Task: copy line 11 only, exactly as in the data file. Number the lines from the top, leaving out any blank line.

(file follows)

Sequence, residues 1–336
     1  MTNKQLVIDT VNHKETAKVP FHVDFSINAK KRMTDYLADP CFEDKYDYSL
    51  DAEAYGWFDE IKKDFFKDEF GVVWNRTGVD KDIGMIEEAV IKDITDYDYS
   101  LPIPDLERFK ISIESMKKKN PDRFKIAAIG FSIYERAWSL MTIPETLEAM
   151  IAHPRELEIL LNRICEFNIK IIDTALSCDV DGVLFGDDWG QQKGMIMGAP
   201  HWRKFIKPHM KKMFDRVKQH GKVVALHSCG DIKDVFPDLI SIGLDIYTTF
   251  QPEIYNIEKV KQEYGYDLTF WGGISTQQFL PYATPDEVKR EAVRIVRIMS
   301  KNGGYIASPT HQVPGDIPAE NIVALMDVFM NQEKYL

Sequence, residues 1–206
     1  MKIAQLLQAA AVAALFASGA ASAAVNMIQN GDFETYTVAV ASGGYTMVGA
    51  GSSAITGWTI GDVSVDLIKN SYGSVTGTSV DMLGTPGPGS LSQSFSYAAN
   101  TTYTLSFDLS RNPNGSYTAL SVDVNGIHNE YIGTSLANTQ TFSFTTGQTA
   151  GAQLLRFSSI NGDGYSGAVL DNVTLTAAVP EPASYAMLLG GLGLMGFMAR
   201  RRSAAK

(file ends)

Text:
    51  GSSAITGWTI GDVSVDLIKN SYGSVTGTSV DMLGTPGPGS LSQSFSYAAN